National Lab Briefs

Light Source Fortunes Brighten After five years of rejection, Argonne National Lab has finally garnered congressional approval to begin construction of its $456 million Advanced Photon Source. Wasting not a moment, the lab broke ground just days after receiving $40 million for construction in the 1990 DOE budget, which took effect October 1. The APS, which will be the nation’s second-largest basic science project (after the Superconducting Supercollider) when it is completed in 1995, is

The Scientist Staff
Nov 12, 1989

Light Source Fortunes Brighten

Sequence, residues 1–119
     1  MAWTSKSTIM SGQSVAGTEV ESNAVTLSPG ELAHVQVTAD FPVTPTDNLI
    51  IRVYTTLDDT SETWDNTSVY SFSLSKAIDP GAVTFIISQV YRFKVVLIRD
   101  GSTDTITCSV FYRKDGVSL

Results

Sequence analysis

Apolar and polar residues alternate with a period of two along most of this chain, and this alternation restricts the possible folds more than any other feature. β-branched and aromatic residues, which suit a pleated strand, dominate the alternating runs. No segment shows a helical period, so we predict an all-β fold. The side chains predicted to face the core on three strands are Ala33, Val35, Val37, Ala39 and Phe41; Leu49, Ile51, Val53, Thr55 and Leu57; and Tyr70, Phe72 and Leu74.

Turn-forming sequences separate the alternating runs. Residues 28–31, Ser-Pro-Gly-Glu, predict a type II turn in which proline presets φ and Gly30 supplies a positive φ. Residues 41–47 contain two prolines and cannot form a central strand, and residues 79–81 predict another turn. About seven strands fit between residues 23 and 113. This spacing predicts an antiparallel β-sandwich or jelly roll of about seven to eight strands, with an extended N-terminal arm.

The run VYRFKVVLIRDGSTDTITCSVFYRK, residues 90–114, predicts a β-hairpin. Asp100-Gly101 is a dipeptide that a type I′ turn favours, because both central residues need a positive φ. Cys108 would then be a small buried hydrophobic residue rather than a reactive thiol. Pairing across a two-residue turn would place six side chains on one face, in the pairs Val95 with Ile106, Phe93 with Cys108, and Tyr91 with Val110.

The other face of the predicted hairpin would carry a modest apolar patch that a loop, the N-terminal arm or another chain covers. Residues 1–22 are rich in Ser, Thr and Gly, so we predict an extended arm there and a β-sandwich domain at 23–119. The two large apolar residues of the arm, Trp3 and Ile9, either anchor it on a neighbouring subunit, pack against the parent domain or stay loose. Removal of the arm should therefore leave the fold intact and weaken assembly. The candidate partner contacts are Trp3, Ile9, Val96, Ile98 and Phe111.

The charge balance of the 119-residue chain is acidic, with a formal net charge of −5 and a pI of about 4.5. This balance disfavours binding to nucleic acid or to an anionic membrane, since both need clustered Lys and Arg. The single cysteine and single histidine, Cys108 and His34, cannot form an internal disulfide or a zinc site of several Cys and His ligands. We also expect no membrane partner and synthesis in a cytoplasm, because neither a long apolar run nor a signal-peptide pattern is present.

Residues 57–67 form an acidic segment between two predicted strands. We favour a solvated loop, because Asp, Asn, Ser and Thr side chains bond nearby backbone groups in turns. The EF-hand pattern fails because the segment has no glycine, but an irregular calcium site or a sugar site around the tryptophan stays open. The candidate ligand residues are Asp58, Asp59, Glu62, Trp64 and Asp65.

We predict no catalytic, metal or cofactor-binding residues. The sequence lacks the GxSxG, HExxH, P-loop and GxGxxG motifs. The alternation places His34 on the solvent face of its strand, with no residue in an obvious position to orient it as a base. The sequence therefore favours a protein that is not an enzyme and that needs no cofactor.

After five years of rejection, Argonne National Lab has finally garnered congressional approval to begin construction of its $456 million Advanced Photon Source. Wasting not a moment, the lab broke ground just days after receiving $40 million for construction in the 1990 DOE budget, which took effect October 1. The APS, which will be the nation’s second-largest basic science project (after the Superconducting Supercollider) when it is completed in 1995, is designed to produce the brightest X-ray beams in the world. Focused X-ray radiation, with a wavelength as short as 1 angstrom, is used to observe molecular, atomic, and chemical processes with unprecedented detail. APS officials plan to operate the facility like an apartment building, “leasing” 34 experimental areas around the 3,600-foot ring. With a $500,000 initial fee, researchers will be able to reserve a sector for their own use; after that, academic and governmept scientists...

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